Gallup: Economic outlook confidence scores worst since 2007-2009 recession
Only 15% of Americans rated economic conditions as excellent or good
A recent Gallup poll focusing on economic outlook confidence among voters is “among the worst Gallup has measured since the 2007-2009 recession, which included a record-low -72 in October 2008 during the financial crisis that exacerbated an already bad economic situation.”
The poll was taken after the midterm elections, from Nov. 9-Dec. 2.
Interestingly, Gallup reported the results using positive result numbers instead of negative ones. Here’s an example:
Currently, 15% of Americans rate economic conditions as either excellent or good, while 46% say they are poor. The remaining 40% of Americans describe the economy as being in “only fair” shape.
Parsing the statement that 15% rating the economy as excellent means 85% rated economic conditions as poor or bad, and the flip side of 40% finding the economy in “fair shape” means 60% think the economy is a dumpster fire.
Gallups results also showed only 24% of U.S. adults said the direction of the economy was improving while 70% said it was getting worse. Gallup says those figures last October were 20% and 74%, respectively. Additionally, when gas prices hit a record high in June 2022, 85% of those polled said the economy was getting worse.
“The last time more Americans thought the economy was getting better than getting worse was in February 2020, before the coronavirus spread to the U.S.,” according to Gallup’s press release.
Feelings about the job market were a bit better, but only 62% said it’s a good time to find a “quality job” while 35% said it’s a bad time. That’s a drop from previous years.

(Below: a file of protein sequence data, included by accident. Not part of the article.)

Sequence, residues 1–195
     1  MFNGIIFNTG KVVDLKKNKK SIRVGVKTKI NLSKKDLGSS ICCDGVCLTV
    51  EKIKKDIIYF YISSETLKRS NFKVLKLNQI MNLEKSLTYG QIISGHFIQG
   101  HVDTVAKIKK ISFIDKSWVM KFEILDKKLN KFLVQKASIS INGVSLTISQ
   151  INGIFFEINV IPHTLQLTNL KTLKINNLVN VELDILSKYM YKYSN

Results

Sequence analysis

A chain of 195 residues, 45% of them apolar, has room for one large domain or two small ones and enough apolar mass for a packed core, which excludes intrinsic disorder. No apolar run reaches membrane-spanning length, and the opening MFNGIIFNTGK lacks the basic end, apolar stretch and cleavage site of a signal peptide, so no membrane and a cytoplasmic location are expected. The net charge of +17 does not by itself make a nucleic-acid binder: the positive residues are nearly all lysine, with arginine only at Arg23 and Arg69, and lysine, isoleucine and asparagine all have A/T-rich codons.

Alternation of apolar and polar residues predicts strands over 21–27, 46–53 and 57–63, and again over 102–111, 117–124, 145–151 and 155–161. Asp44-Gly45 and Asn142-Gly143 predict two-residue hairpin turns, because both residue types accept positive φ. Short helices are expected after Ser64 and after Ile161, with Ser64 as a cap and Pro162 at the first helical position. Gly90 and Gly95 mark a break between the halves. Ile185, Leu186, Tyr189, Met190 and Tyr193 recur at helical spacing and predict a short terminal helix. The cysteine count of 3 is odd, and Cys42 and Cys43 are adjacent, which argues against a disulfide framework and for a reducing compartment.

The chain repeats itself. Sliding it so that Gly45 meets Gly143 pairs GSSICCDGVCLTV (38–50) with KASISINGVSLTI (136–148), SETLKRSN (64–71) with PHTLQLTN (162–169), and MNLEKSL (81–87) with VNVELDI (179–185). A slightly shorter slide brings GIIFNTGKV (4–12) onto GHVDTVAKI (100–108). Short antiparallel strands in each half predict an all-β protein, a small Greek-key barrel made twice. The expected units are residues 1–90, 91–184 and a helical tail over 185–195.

“But the public is less likely to say it is a good time than they have been in recent months, with all measures between August 2021 and August 2022 near 70%, including the record-high 74% in October 2021,” Gallup reported.
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Another set of data released by Gallup shows Americans have a gloomy outlook for 2023.
About eight in 10 U.S. adults think 2023 will be a year of economic difficulty with higher rather than lower taxes and a growing rather than shrinking budget deficit.
More than six in 10 think prices will rise at a high rate and the stock market will fall in the year ahead, both of which happened in 2022.
Just over half of Americans predict that unemployment will increase in 2023, an economic problem the U.S. was spared in 2022.
90% of Americans expect 2023 will be a year of political conflict in the U.S.
72% think the crime rate will rise.
56% predict there will be many strikes by labor unions.
85% of U.S. adults predict the year ahead will be fraught with international discord rather than peaceful.
64% think the United States’ power in the world will decline.
73% think China’s power will increase.
64% of Americans expect Russia’s power in the world will decrease in 2023.
Context added in the press release on the findings included:
The government, the economy and inflation dominated as the most important problems facing the U.S. in 2022, and confidence in the economy remains among the worst readings measured since the Great Recession.
This decreased confidence is largely due to the highest inflation in the U.S. in more than 40 years, which a majority of Americans say is causing financial hardship in their household.
In addition, the public’s perceptions of local crime reached a record-high level and national crime perceptions edged up in October.
The findings are from a “Dec. 5-19 nationally representative web survey of U.S. adults who are members of Gallup’s probability-based panel.” These questions have been asked annually starting in 1960.
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